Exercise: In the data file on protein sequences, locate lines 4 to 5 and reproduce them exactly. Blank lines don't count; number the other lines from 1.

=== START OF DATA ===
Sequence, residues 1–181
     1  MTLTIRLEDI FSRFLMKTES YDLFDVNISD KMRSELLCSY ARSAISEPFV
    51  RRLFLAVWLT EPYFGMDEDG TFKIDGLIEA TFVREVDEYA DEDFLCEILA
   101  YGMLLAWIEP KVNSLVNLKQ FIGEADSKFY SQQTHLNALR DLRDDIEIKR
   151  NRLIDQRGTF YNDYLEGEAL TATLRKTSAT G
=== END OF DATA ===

   101  YGMLLAWIEP KVNSLVNLKQ FIGEADSKFY SQQTHLNALR DLRDDIEIKR
   151  NRLIDQRGTF YNDYLEGEAL TATLRKTSAT G